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Anne of the Thousand Days/Mary Queen of Scots (1969)

Cast: Richard Burton, Richard Burton, Geneviève Bujold, more...
Director: Charles Jarrott, Charles Jarrott
    see all cast/crew...
Studio: Universal Studios
Genre: Drama, Romance, Costume Drama/Period Piece, British Drama
Languages: English
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Synopses
Anne of the Thousand Days (1969)
Anne of the Thousand Days is the belated film adaptation of Maxwell Anderson's 1948 stage play. The story concentrates on the romance between Britain's King Henry VIII (Richard Burton) and his ill-fated second wife Anne Boleyn (Genevieve Bujold). After holding out for marriage rather than an illegitimate union, Anne marries Henry after he sheds himself of Katherine of Aragon -- causing a rift between the Crown and the Church in the process. Anne's inability to produce a male heir leads Henry to look about for other suitable mates. Henry's sinister right-hand man Cromwell (John Colicos) arranges for Anne to be condemned on a charge of adultery. She is beheaded, while Henry disconsolately sits in Windsor Castle, regretting this callous example of political expediency. Richard Burton is ideally cast in Anne of the Thousand Days, but it is Genevieve Bujold who delivers the best, most complex performance in the film. ~ Hal Erickson, All Movie Guide

Mary Queen of Scots (1969)
Vanessa Redgrave stars as Mary Stuart of Scotland, with Glenda Jackson co-starring as Queen Elizabeth I. As with the earlier Maxwell Anderson play Mary of Scotland, the film sympathizes with Mary, and there are two fictionalized face-to-face confrontations between the two queens (who never met in real life). With this film, old-line Hollywood producer Hal Wallis continued his trademark of showcasing dynamic stars within a period milieu.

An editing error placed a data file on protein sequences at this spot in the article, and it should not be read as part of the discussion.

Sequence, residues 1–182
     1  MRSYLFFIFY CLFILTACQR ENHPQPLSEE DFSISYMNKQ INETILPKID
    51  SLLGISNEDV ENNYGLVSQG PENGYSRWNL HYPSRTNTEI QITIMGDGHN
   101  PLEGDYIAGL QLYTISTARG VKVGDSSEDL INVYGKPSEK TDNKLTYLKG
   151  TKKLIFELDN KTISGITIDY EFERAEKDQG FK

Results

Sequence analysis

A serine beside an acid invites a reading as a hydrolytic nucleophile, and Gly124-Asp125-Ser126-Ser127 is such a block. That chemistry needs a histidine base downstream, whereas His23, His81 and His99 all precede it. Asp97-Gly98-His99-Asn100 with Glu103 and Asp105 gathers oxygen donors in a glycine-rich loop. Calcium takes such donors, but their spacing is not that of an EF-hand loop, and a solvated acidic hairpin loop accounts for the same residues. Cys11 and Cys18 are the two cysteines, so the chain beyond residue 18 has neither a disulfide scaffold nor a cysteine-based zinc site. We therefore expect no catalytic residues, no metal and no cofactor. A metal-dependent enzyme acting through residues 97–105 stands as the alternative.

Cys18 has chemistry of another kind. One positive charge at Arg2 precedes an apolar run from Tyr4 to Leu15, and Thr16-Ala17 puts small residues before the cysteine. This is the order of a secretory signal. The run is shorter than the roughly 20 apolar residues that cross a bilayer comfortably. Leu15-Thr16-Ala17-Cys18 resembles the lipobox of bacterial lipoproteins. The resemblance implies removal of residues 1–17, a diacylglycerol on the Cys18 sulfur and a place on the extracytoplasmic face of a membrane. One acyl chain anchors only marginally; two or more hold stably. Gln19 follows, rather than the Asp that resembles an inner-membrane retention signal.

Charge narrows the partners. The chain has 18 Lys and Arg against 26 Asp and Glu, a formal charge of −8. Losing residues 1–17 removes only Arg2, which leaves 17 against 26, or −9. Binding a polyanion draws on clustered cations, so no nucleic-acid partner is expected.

GreenCine Member Ratings

Anne of the Thousand Days (1969)
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4.00 (2 votes)
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Mary Queen of Scots (1969)
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6.60 (5 votes)
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GreenCine Member Reviews

First-rate historical drama by Texan99 September 4, 2010 - 11:37 AM PDT
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2 out of 2 members found this review helpful
Critical details in the stormy life of Mary, Queen of Scots, may never be resolved by historians, but the indisputable story line is as dramatic as anyone could wish. Mary became queen when she was only a few days old, in 1542. Henry VIII, then King of England, wanted to marry her to his son, the sickly boy who would later reign for a few years as Edward VI of England. Mary's mother resisted attempts to impose this marriage by military force, instead cementing an alliance between Scotland and France by wedding 16-year-old Mary to the 14-year-old heir to the French throne, who within a couple of years had not only ascended to the throne but also left his young wife a widow. The following year, Mary's mother-in-law, Catherine de Medici, packs her off to Scotland as its 19-year-old monarch, and it is at this point that the movie largely begins. Gently raised as a Catholic in France, Mary is wholly unprepared for the brutal world of 16th century English and Scottish politics. Her uncertain claim to the English throne is a constant irritation to her much more cunning and ruthless Protestant cousin, Elizabeth I, who has since attained the crown under a cloud of illegitimacy arising from the same controversy that caused Henry VIII to form the Church of England. Mary's entire adult life, from her return to Scotland until her beheading in England at the age of 45, was a series of political marriages, religious schisms, murders, insurrections, and imprisonments in which she proved herself no match even for her subjects, let alone for the incomparable Elizabeth. This 1971 historical drama tells the sad story in the lush style of its period, with an intelligent screenplay and a fine cast. Vanessa Redgrave is Mary; the sublime Glenda Jackson is Elizabeth; Patrick McGoohan is Mary's Protestant half-brother James Stewart; Trevor Howard is Elizabeth's wily minister Sir William Cecil; and Ian Holm, Timothy Dalton, and Nigel Davenport are the other men in Mary's life.

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